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Wednesday, July 23, 2014

Come With Me Now,If You Want Your Book To Live


In one of the great Terminator movies a critical point comes when Arnold Schwarzenegger’s character says, "Come with me now if you want to live.” Well, Amazon has dropped a bomb on the publishing world with its new Netflix-type plan for eBooks, and all I can say is it’s time to fight back. Come with me now if you want your book to live.

A new service, Kindle Unlimited, allows those who pay just $10 a month, for unlimited access to its catalog of 600,000 ebooks. This is one of the worst things for the book publishing industry.

It limits publishing and author profits, it gives an extremely unfair advantage to Amazon over Barnes & Noble, it furthers the price disparity between print and digital, and commoditizes books like never before. 

How is any of that good for the public?

The big five publishers have wisely opted out of this service, but it still leaves plenty of publishers and books to join in. Big-name publishers are involved, such as Scholastic and Houghton Mifflin.

The all-you-can-read version is not new to publishing, but had been limited to smaller companies, such as Oyster and Scribd.  Oyster offers titles from six of the top 10 publishers and Scribd consists of big publishers, such as Simon & Schuster, Wiley, and Harper Collins.

It’s a destructive model to use for book publishing. This is not the movies or music. Movies can earn full fare in the theaters. They then can sell the DVD. They can also sell it to cable/networks to air—and then make it available on Netflix. But books get one shot to sell and there aren’t ways to make money beyond selling a book to a customer.

Books are a lifeblood to America. They double-check the media, the government, and other forms of communication. They offer ideas, information, insight and inspiration—our country can’t afford for books to falter.

When you screw with the economics of book publishing you alter the landscape of how things are disseminated. When profits for authors decrease, there’s less incentive for them to publish a book.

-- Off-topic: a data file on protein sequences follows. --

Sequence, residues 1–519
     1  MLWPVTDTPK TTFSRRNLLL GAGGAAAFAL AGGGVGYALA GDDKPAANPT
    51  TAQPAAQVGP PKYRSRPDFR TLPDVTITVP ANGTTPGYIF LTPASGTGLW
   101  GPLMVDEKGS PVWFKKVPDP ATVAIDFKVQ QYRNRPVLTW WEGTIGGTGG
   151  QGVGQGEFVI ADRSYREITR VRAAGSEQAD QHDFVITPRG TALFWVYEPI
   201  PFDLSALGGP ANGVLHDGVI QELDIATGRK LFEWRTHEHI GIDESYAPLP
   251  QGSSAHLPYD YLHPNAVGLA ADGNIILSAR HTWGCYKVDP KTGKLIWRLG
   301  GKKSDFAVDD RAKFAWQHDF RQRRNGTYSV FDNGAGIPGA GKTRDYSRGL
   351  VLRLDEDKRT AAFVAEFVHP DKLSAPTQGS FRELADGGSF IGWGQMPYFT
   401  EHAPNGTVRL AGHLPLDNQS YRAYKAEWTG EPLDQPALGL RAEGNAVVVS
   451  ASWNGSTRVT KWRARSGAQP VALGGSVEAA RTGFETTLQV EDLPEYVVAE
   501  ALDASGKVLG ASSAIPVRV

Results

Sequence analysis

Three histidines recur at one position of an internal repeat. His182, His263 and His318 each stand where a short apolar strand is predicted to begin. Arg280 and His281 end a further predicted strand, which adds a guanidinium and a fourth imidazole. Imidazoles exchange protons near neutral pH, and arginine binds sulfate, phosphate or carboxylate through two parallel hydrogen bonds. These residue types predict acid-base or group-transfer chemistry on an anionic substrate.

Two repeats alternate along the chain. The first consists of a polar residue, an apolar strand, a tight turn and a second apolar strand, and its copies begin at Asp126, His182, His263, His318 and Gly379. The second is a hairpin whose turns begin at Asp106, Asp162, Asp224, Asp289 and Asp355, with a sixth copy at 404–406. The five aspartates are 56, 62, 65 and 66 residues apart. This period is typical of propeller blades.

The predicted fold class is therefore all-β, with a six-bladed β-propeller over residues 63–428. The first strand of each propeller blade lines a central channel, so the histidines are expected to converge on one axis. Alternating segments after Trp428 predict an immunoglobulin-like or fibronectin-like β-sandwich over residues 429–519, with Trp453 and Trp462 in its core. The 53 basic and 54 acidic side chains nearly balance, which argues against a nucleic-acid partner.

If people start buying through the all-you-can-read menu, they will start to take business away from new books that are not on that bulk offering. For instance, if you only want to read what you can get under the $10 a month plan, you won’t make budget or time available for new books or books not in that plan. People will skip the new phase and wait for books to be back-listed and tossed in to the heap of all-you-can-read.

I think that publishers are suicidal to participate in this. First off, it will kill book sales. Second, it will further erode their brand. Third, it gives more powerful attention to Amazon and that is the opposite of what they should do.

The problem in battling this is that consumers won’t complain about this at all. They will gravitate towards it in droves. Why wouldn’t they?

The more Amazon draws people in, the more likely other holdout publishers will join in, further leading to the capitulation of book publishing.

Soon, a person will spend more in park fees for two days at Disney than they will for an entire year of reading books. That’s a disgrace!

What will then happen, once Amazon has hooked in enough readers and further taken control of publishing, it will publish more books—but not thrust them into the book buffet—and it will raise the monthly fee faster than the rate of increases in the sectors that outpace inflation, such as college tuition and health insurance.

It’s another dark chapter for publishing and Amazon is leading the way for its ruination.



Brian Feinblum’s views, opinions, and ideas expressed in this blog are his alone and not that of his employer, Media Connect, the nation’s largest book promoter. You can follow him on Twitter @theprexpert and email him at brianfeinblum@gmail.com. He feels more important when discussed in the third-person. This is copyrighted by BookMarketingBuzzBlog © 2014

2 comments:

  1. Confused! Won't authors receive a royalty each time one of their ebooks is borrowed from Amazon's digital library?

    ReplyDelete
  2. Yes, of course. I believe the author of the article is not seeing the potential.

    ReplyDelete